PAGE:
[erlang-questions] [ANN] [Alpha Release] dht - a distributed hash-table
Wed Aug 12 15:07:32 CEST 2015
I've really enjoyed seeing various tweets from you on this subject as
you worked through it. I was curious if it would be worthwhile for
someone (me? No clue of the effort involved) to port etorrent to use
this in place of its existing dht implementation. That would at least
make it easy to test it in a more 'production' environment fairly
quickly, I would think. I just don't even know if it's feasible to
do, or if this application is now too different from the etorrent dht
for it to be anything less than a large undertaking to swap them out.
On Wed, Aug 12, 2015 at 6:47 AM, Jesper Louis Andersen
> Hi list,
> I'm hereby announcing an early alpha-release of the `dht` application. It is
> an implementation of the Kademlia distributed hash table for Erlang, loosely
> based on the code which is in eTorrent, which originates from Magnus Klaar a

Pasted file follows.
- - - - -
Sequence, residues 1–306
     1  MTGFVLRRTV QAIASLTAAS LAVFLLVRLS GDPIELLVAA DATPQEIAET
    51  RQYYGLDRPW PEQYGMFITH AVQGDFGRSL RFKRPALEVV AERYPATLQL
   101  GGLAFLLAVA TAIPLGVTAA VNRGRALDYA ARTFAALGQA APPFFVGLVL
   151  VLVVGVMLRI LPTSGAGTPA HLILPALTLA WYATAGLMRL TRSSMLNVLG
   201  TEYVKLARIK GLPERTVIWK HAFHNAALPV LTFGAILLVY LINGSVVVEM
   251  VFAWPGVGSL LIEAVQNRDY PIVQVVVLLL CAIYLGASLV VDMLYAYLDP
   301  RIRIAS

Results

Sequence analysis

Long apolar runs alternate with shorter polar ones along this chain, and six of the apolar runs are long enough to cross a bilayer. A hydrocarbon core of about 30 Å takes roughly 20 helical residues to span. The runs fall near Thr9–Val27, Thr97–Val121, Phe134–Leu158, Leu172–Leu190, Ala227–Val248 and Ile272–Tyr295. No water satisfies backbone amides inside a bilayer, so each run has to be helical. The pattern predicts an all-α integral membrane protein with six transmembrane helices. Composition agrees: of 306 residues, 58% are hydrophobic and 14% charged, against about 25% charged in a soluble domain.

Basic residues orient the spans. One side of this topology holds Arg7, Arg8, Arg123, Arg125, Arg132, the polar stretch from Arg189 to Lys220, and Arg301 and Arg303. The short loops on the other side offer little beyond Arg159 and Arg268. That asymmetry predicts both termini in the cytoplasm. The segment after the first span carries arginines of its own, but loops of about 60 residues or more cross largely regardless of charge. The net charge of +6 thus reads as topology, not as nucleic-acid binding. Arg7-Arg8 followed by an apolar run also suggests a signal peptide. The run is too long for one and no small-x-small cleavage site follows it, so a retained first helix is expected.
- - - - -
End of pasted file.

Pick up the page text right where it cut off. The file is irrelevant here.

> few years back, but it has been completely rewritten in a lot of places.
> While here, I've switched the system to use 256 bit SHA-256 hashes over
> SHA-1 160 bit hashes which should be deprecated anyway. The README.md
> contains an overview of the API as it stands now.
> The perhaps most interesting R&D feature is that the hash table is 2.2K
> lines of code including comments, but its quickcheck model is 4.2K lines of
> code, including comments. Apart from one top-level module, every module has
> been checked as an isolated component and as clusters of components as well
> through the use of Erlang QuickCheck's clustering features. This doesn't
> prove the DHT is correct, but it does create a link between the model and
> the system under test: they are likely to be synchronized.
> I believe there is at least some research-grade work in the EQC model, if
> not for anything else, it is one of the largest Open Source models I know
> of. Another feature is a submodule which is used to mock time. By using
> component callouts, timer triggering is handled by preconditions in the
> model, and time is advanced in isolation from the main component. This
> yields a very natural way to control timers from the model which in turn
> lets you test timing code precisely, even in the case where timer
> interaction between different components has relevance.
> I've only run fairly simple tests, so any bug report is appreciated. Mind
> you, I've only quickchecked this code, not run it in production :)
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